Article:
Medical

Medical technology in transition: requirements for connectors

22nd November 2022
Kiera Sowery

The fact the COVID crisis has changed the medical technology industry is indisputable.

Fundamental market and competitive changes are also expected in the future, bringing with them opportunities and challenges in equal measure, according to the "Medical Technology Trend Report" study by SPECTARIS. Accordingly, adjustments to the way companies work, expansion of digital sales channels and digital service solutions were described as the three most important effects. Likewise, corporate functions such as research & development and IT services are in particularly high demand - which poses renewed challenges for companies due to the shortage of skilled workers.

The political demands left clear traces in the health care system. A drastic shortage of health care and nursing professionals is driving the need for supportive processes. This increases the need to maintain productivity through the increased use of medical technology. The requirements for medical devices have changed significantly, and the focus is on the safety of patients and medical staff when operating medical devices. Added to this are the changed technical requirements. Possible sources of error due to human operator error should be reduced to a minimum. "This also increases the demand for robotics and automation to make medical devices even more powerful and safer," said Mathias Wuttke - Business Development Manager Medical Europe at ODU.

Particularly with regard to plug-in connections, this does not result in completely new products, but the detail requirements are increasingly increasing. From IEC 60601 requirements for MOOP and MOPP to product remanufacturing, extensive product testing is required. In addition, quality management controls are increasing, as defect-free, reproducible products are required more than ever.

From a technical point of view, one of the biggest challenges our customers currently face is with regard to clearance and creepage distances. These take on a completely different meaning due to the new evaluation of the products based on the MDR. For example, the insulation diagram must be considered for the product and all safety-relevant points from IEC 60601-1 must be observed. In addition, there are the adapted requirements from the MDR, which demands not only the medical device manufacturers, but also the suppliers. To implement the MDR, ODU maintains appropriate technical documentation, risk and change management, and CMR substance management.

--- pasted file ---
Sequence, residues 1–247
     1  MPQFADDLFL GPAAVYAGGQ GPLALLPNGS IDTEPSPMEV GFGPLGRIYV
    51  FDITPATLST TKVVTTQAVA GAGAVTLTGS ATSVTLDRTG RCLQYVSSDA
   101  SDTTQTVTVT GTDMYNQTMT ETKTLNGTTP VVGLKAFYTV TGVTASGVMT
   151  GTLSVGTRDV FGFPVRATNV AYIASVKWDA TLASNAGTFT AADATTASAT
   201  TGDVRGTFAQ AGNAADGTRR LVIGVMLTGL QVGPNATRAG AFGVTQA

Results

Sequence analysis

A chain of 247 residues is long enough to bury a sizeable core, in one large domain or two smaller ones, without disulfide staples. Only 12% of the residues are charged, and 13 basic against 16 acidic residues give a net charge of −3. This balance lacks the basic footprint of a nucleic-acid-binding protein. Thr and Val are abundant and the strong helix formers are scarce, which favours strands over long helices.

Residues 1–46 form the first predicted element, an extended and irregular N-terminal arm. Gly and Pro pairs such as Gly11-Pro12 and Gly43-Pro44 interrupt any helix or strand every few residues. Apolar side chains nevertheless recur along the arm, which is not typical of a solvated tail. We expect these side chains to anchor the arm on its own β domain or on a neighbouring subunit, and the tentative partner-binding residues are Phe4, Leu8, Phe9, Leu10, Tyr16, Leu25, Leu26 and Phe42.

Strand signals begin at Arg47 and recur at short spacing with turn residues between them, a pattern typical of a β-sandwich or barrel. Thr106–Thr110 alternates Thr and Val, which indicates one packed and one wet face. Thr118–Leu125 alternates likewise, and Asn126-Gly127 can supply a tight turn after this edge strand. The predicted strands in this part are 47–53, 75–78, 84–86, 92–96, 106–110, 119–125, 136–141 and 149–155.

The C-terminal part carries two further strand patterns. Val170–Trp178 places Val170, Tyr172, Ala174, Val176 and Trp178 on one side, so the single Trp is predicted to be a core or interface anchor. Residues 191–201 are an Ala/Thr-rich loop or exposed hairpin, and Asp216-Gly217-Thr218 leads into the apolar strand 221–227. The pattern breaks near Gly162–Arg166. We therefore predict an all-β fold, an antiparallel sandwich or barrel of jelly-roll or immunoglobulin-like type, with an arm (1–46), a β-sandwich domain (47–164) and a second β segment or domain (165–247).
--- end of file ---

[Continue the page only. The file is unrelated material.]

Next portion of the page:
Furthermore, complete traceability is ensured and there is the option of applying the Unique Device Identification (UDI) by laser marking. The topics of patient and user protection (2 MOOP and 2 MOPP) are implemented in the products in compliance with IEC60601-1. Customer and application-specific applications or special designs with confections increase.

In general, companies face difficulties in procuring raw materials and correspondingly much longer lead times. Supply bottlenecks for raw materials and components are delaying production in all industries, and additionally rising costs for energy are making products more expensive. The mood of crisis is forcing companies to increase inventories, cut investments and attract more suppliers. Due to ODU's high vertical range of manufacture, challenges in the supply chain can be better balanced. The manufacturing sites on different continents support and complement each other.

Collaboration has changed due to digitalization. "Customer and supplier have moved even closer together, and digital communication and cooperation options make processes more effective and faster.", said  Stefan Wittmann, Application Manager at ODU. Nevertheless, personal contact is important, especially during initial contact and project start-up, in order to define requirements concretely and discuss possibilities.

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